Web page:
There will be NO signs of any issue on traditional blood glucose or HBA1c blood tests.
Of all the silent killers.
This is the one to pay the most attention to.
Insulin levels can be measured with a simple blood test. The challenge is it is rarely done.
High cholesterol causes coronary artery disease.
But if cholesterol is the fire that causes coronary artery disease, insulin resistance is the equivalent of throwing gasoline on that fire.
Compared to those with low insulin levels (No insulin resistance) and low cholesterol levels as measured by APOB (The best measure of cholesterol), those with both high insulin and high cholesterol/APOB had a risk of heart disease that was 11 times higher9.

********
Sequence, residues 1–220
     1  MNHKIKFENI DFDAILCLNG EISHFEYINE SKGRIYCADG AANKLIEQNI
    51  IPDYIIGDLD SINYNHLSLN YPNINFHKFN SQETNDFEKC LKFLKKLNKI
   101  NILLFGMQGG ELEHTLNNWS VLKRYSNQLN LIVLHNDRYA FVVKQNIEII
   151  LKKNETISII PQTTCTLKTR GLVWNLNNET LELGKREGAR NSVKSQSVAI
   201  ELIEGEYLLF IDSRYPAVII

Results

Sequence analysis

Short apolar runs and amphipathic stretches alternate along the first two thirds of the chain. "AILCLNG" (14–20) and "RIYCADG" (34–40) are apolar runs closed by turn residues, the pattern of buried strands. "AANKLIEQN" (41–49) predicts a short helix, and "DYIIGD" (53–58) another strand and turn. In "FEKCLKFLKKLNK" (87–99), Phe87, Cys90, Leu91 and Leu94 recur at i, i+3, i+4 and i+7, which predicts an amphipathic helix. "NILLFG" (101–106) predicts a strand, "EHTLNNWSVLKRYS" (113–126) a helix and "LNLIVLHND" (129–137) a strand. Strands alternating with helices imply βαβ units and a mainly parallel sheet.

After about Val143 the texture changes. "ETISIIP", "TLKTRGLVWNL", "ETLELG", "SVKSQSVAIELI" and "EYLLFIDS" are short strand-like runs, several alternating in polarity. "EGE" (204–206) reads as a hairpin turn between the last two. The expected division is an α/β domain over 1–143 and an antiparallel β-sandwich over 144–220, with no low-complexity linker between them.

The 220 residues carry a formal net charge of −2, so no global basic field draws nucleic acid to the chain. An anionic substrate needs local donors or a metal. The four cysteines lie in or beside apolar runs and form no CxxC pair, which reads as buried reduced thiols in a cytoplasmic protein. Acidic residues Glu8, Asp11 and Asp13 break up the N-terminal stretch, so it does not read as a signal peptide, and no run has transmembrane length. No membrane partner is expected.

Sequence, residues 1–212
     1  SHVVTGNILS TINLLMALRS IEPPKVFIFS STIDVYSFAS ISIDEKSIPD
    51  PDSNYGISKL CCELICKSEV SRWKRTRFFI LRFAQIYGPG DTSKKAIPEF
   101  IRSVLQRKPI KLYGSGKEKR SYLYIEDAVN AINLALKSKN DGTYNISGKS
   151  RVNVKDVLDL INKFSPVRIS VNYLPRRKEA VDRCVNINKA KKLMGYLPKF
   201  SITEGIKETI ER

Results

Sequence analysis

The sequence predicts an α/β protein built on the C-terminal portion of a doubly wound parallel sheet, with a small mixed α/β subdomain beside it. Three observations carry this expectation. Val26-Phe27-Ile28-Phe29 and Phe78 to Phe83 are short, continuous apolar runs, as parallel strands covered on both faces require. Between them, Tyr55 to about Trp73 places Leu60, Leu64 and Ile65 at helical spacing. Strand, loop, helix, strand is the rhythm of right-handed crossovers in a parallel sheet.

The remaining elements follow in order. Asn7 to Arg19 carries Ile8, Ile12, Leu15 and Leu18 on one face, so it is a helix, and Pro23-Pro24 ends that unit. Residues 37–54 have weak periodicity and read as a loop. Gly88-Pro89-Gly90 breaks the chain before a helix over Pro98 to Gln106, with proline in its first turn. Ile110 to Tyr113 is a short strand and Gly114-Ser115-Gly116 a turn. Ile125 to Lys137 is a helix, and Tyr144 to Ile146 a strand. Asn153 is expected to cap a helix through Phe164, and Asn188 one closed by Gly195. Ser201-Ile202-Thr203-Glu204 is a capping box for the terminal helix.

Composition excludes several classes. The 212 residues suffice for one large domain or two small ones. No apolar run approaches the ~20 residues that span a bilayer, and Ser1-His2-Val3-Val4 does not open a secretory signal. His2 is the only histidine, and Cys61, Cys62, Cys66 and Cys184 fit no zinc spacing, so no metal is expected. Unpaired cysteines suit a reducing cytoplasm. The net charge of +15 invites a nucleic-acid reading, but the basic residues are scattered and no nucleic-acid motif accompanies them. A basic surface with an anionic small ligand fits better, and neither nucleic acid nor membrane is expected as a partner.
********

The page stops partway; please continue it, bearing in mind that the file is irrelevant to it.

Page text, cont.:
High Cholesterol + High Insulin = Very Bad News
But to dispel any doubt, if you had normal insulin levels and high cholesterol, your risk was still 80% higher than if you had both normal insulin and cholesterol.
Cholesterol in the presence of high insulin levels leads to the formation of small dense cholesterol particles that are more likely to cross the artery wall and cause atherosclerosis to form.
Remember, type 2 diabetes is a state of very high insulin levels, which is why it is a risk factor for coronary artery disease, with the risk being ten times that of someone without diabetes10.
Diseases Of Ageing
Conditions such as cancer, high blood pressure, diabetes and heart disease are often thought of as predictable ‘diseases of ageing’.
But maybe they are simply diseases of insulin resistance?
Worsening insulin resistance is associated with a higher risk of cancer, heart disease, high blood pressure and stroke11.
Studies have shown that in healthy non-obese individuals followed from age 50, those with high insulin levels at baseline were most likely to be diagnosed with any of the above conditions mentioned.